Her first premeditated move, however, was to use his real name.
“Mr. Korkovich?” She pronounced it perfectly. She knew she did.
As she expected, he didn’t act surprise. It did get his attention, though. She could see it in the steady way his dark eyes snapped to hers and stayed there. Other than that, though, his face was as unreadable as always. It was something she found most frustrating and fascinating.
Hearing her name from him gave her an unwarranted thrill of pleasure, which she beat down with inward screeches of indignation. Of course he would know her name. Everyone knew everyone here, not to mention she stood out…in a bad way.
“Yes. I had something I wanted to talk to you about.”
He straightened from the water trough that he had been hunched over, wetting a towel and wiping the sweat from his neck and face. She kept her eyes on his face. Even so, her mind played the image of well toned, thick muscles striped almost artistically random scars across them.
He didn’t say anything. Just looked at her. But she could sense the invitation.
She held out her basket. “First, I want you to taste this.”
He eyed it, raising an eyebrow.
With a practiced cool, she fought down the blush. “I need you to know exactly what I’m offering.”
“I know you can cook,” he said, and she did not linger on his soft, low voice.
“Then you’ll know I’m offering a fair deal when I ask for lessons in self-defense in return for lunch each day. I’ll be working extra at the blacksmiths to afford good ingredients too.”
He shrugged. “Fine.”
She blanched. It was like she had walked into a clsoed door. “What?”
But he just bent over the trough to dunk his head in, shaking his ragged head of dark brown hair.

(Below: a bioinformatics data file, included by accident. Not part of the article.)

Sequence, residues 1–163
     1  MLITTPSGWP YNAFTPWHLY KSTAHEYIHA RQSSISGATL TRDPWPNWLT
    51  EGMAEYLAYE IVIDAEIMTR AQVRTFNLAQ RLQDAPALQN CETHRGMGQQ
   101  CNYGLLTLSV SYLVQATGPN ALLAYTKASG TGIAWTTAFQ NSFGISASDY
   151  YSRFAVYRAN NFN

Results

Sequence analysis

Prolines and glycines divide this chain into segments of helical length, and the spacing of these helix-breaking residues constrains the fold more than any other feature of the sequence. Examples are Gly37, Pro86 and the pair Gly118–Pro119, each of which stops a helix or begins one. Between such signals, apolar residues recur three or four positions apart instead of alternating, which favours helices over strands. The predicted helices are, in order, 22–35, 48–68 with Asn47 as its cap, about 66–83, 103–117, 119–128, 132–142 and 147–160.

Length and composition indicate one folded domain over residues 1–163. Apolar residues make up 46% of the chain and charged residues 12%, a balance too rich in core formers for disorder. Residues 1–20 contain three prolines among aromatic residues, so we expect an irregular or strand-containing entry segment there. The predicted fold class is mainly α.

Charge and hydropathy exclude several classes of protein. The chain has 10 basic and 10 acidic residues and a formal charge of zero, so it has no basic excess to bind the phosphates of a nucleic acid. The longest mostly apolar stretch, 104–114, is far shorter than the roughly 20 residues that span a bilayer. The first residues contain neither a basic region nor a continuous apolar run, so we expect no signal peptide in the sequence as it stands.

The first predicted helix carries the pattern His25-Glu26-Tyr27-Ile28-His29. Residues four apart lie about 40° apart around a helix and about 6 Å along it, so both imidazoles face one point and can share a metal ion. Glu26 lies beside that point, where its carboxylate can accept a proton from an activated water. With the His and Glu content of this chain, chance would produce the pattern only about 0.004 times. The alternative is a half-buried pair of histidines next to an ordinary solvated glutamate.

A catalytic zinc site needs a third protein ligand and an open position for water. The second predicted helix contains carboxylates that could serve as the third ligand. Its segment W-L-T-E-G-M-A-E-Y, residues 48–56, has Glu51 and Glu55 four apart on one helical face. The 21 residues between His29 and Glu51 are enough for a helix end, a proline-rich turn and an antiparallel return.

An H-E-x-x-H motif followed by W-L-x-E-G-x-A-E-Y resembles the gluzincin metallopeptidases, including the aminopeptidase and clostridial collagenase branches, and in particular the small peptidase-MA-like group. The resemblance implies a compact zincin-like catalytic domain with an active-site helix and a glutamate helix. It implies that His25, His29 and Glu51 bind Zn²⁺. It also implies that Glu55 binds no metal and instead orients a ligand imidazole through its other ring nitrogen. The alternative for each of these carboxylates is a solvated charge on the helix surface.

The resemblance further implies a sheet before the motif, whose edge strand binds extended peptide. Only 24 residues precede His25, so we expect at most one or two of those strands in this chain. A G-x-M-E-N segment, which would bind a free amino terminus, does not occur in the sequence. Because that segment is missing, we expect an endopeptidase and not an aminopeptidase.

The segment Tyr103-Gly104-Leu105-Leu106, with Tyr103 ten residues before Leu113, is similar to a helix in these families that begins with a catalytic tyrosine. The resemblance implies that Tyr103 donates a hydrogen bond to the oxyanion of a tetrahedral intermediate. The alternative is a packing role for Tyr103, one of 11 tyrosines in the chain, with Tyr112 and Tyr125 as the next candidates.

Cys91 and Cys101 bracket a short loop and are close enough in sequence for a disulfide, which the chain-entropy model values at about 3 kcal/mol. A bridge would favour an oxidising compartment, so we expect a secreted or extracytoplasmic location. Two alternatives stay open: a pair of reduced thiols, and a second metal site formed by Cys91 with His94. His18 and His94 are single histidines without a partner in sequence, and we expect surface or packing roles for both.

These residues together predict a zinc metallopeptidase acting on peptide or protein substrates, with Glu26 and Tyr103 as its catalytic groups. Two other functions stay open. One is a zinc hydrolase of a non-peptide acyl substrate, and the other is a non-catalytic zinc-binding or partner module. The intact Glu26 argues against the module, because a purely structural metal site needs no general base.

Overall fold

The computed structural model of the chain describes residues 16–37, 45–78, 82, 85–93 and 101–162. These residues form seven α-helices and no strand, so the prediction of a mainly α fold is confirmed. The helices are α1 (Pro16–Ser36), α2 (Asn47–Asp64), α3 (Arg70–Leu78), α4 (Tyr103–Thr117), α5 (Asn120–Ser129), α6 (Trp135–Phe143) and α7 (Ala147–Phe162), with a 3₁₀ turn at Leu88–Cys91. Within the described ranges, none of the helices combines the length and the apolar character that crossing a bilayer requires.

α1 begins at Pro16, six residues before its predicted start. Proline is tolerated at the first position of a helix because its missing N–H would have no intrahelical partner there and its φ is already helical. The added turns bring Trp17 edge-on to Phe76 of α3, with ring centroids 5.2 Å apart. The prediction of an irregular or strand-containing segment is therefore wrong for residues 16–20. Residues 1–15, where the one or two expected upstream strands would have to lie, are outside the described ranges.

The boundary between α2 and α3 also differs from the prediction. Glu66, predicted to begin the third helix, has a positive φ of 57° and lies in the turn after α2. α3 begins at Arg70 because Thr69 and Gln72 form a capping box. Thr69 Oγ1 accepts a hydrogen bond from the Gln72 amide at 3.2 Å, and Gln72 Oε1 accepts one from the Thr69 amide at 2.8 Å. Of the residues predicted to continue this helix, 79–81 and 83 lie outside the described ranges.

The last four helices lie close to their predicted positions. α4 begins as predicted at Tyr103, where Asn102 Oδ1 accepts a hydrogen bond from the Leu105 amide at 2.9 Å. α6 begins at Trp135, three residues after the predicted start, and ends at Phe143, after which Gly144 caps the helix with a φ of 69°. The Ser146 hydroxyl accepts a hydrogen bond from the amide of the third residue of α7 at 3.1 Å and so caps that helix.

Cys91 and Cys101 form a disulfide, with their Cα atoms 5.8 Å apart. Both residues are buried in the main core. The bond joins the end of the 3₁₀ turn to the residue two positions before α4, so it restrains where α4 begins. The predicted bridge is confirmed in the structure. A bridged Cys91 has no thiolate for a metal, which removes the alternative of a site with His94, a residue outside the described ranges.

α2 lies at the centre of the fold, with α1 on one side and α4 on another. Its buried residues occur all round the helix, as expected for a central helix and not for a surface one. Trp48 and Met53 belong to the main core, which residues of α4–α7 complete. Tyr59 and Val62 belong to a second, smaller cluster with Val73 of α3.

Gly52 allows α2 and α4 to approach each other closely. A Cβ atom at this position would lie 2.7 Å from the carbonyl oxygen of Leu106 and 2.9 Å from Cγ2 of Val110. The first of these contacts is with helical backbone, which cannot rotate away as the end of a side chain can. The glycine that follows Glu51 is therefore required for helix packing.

“You mean, fine you’ll give me lessons or fine…what?”
“I’ll give you lessons,” he rubbed the towel over his hair.
That had been way too easy. Way, way too easy. Could it be he wasn’t aware of the kind of flack he would get for teaching a woman how to fight in this country? Was his country filled with amazon woman warriors or something?
“What’s the catch?” Please oh please let it not be something outlandish.
“No catch.” He hung the towel about his neck and nudged his chin to the basket. “Food for lessons. I’ll see you tomorrow morning with the rest.”
With that, he turned to head down the short trail out of town where his small cabin stood amidst a struggling garden and proud chickens.
In a way, it made her angry. She had stayed up most of the night, stressing over what he might say and her counter arguments, over the ways she could sweeten the deal, and smashing all the stupid little fantasies that sprouted in here and there, and he just gives in that easily?
He stopped immediately, looking back at her with that same steady, straight into your soul attention. Waiting.
Unable to stop the blush now, she held out the basket. “I was going to use this to bribe you, but since you gave in so easily you might as well take it. But I want the basket back. It’s the only one I have.”
He nodded and came near to take it. She hated how her fingers trembled as his wrapped about the handle, so close to hers. His nails were broad and short.
Then he just walked away.
Her head kept trying to float off all the way home. On the opposite end, her stomach cramped. She hadn’t eaten that morning.
Grandmother Fiona waited for her by the fire with a knowing, mischievous smile.
“Who did you give that basket too?”
Yourne wrinkled her nose. “The Warmaster. For lessons on self-defense.”